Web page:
Thanks to Paul Jenkins, now CE of the Tavistock and Portman Trust, for his blog this week on the paucity of investment in mental health research. Another example of how stigma is flourishing towards those least able to argue for resources. And to Andy McNicholl for his piece on the bed crisis in adult mental health services, mainly caused because people are being hospitalised when other services have closed, or there is nowhere safe for them to go when they are ready for discharge.

Regarding the NHS Five Year Forward View (5YFV) here’s my 6-point plan for making mental health more mainstream. With measurements. Because if you don’t measure, you can’t manage.

1. Suicide prevention

Make suicide prevention the business of every citizen of the UK. Stop blaming mental health trusts and their staff for failing to keep people alive. The responsibility is much broader than that. Locate suicide reduction planning with Health and Wellbeing Boards. Make it their number one priority, with proper support as well as sanctions for lack of progress.

2. Mental health within the NHS

Expect every provider and commissioner to make the care of people who happen to experience mental illness their explicit business. Start with primary care. Require every NHS employee, including reception staff and everyone who works in a commissioning organisation, to do a minimum 1/2 day training, with an annual update, delivered by experts by experience. Report on compliance via the annual NHS staff survey.

3. Integration

Require local systems to produce integrated commissioning plans for all primary and secondary services. Particularly crisis care; dementia; all major physical conditions such as heart disease, strokes, obesity, diabetes and cancer; neurological conditions such as MS and MND; and musculo-skeketal conditions including chronic pain. Draw on the RAID model for measurement. Allow organisational form to flower according to local need. But also require investment in integrated services through an annual reduction in organisational overheads, and increased investment in the third sector.

4. Public health

Reduce premature death rates in people with serious mental illnesses of up to 25 years by making mental health promotion core business for primary care and secondary health providers in the statutory and non-statutory sectors. Target supportive, evidence based obesity reduction, smoking cessation, substance misuse harm reduction and exercise programmes for people with diagnoses such as schizophrenia, bipolar disorder, PTSD and personality disorder. Set ambitious targets over the next 25 years and monitor hard against them to help turn around the life chances of some of the most marginalised people in society.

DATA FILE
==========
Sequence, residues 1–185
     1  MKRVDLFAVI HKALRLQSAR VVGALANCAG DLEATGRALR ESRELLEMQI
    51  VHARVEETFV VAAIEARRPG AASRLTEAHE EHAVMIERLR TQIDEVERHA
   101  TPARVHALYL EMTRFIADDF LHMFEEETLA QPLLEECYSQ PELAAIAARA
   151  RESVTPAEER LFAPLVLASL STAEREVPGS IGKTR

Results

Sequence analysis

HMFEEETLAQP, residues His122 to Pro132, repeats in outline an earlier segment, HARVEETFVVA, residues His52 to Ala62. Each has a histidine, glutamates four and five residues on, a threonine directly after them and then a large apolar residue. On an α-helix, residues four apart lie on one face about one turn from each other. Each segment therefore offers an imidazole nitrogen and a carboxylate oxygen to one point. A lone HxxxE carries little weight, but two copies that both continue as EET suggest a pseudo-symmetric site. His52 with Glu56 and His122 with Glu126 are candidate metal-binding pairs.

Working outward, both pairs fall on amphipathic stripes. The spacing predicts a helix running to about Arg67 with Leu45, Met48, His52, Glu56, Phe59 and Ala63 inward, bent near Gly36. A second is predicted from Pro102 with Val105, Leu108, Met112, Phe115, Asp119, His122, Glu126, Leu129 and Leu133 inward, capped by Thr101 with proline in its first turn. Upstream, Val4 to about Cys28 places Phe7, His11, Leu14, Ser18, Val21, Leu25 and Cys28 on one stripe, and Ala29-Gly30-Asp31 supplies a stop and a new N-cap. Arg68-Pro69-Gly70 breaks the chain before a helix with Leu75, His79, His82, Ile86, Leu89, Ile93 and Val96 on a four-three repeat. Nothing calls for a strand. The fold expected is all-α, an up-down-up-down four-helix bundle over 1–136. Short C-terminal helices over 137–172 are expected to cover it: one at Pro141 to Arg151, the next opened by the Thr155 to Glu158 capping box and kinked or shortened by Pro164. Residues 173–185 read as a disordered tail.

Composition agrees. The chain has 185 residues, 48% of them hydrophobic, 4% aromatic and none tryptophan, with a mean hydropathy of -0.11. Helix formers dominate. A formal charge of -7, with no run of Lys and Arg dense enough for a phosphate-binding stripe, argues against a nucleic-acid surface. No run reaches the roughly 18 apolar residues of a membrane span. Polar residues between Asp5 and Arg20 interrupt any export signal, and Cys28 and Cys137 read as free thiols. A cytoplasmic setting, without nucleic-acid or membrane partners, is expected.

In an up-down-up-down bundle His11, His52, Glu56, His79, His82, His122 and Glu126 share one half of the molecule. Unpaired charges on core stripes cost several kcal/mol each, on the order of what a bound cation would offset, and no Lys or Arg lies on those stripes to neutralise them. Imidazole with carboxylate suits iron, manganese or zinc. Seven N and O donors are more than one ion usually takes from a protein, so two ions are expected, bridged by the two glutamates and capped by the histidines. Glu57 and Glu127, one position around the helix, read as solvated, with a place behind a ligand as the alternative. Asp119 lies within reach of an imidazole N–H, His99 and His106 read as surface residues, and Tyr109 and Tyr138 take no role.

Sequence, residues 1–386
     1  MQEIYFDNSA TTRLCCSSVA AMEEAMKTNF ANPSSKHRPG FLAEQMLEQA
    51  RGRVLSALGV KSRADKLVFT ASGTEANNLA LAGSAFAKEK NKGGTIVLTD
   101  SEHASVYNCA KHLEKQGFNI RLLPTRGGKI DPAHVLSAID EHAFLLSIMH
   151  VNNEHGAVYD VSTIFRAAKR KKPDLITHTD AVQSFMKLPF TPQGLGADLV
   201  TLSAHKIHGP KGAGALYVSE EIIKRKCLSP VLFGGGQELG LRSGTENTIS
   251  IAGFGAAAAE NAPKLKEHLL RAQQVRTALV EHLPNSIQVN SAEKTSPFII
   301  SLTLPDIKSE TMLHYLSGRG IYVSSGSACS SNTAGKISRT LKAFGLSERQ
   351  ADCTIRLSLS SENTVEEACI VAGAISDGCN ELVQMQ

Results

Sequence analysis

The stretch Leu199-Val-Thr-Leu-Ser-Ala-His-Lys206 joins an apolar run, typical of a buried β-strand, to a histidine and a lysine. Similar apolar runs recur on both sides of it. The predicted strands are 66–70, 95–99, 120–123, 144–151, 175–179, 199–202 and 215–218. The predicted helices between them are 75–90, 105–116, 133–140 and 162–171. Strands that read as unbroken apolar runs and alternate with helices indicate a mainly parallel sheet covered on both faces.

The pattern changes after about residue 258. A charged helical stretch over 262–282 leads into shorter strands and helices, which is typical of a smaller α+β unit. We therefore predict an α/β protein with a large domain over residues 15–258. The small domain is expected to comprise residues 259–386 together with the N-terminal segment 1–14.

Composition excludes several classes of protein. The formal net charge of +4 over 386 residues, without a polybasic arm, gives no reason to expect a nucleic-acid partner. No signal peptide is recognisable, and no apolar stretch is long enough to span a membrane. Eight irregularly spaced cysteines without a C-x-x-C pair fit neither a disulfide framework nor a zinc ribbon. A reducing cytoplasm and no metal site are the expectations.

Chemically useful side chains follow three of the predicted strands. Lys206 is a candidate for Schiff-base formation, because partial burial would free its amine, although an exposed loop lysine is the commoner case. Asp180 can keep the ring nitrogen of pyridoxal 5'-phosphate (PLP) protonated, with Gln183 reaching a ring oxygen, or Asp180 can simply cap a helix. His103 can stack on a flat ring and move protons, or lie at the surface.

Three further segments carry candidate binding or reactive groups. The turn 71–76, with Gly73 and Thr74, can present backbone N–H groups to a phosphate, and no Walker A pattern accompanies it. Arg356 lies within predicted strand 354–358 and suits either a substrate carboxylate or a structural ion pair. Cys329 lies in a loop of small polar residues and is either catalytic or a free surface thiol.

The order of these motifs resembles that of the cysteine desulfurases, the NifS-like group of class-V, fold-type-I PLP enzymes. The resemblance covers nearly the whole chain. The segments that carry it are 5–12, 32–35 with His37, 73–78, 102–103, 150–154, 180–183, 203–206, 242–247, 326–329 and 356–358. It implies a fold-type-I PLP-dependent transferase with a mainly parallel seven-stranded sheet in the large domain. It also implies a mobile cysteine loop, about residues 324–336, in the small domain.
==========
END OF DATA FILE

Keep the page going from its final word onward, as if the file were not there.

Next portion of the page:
5. Making the business case

It is up to the NHS to articulate and prove the business case for a change of approach in welfare for people with long term conditions such as serious mental illnesses. Commission the best brains eg Professor Martin Knapp at LSE to put the evidence together. Which is that it is considerably more costly as well as more cruel to condemn people who experience mental illness to poor, insecure housing and limited, insecure income, and for them to appear frequently and often pointlessly within criminal justice services.

But these costs do not occur in one place. Creating exciting opportunities for engagement and volunteering such as The Dragon Cafe can help people move from being recipients to full participants. Placing employment specialists within mental health teams and incentivising pathways into work are also proven to be highly successful. The alternative, i.e. penalising those in need of help, is counter-productive. It forces people to have to make themselves appear less able, makes them reticent about coming off benefits for fear of never getting them back should they need them in the future, as well as being extremely detrimental to their long-term well-being.

6. Research and improvement

Shine a light on why so little is spent on mental health research, given the financial and life chance costs of mental illness. Do something serious ang longlasting to reverse this. And then measure the impact longditudinally. No-one says we’re spending too much on cancer research, do they? Use that as our benchmark.

AND listen to the eminent and brilliant Professor Don Berwick, who makes the point that inspection never improved any health system. We need to invest in improvement science, architecture and skills for the whole NHS, of which mental health is an intrinsic, integrated part. Calling something NHS Improvement doesn’t necessarily make it an improvement body, by the way. But it is a good start.

 

I’ve shared these thoughts with the fabulous Paul Farmer, CE of Mind, who is leading one of three national task forces set up to help deliver the NHS England 5YFV. The other two are on cancer and maternity care. I know he wants to do the best he can. But he needs your help.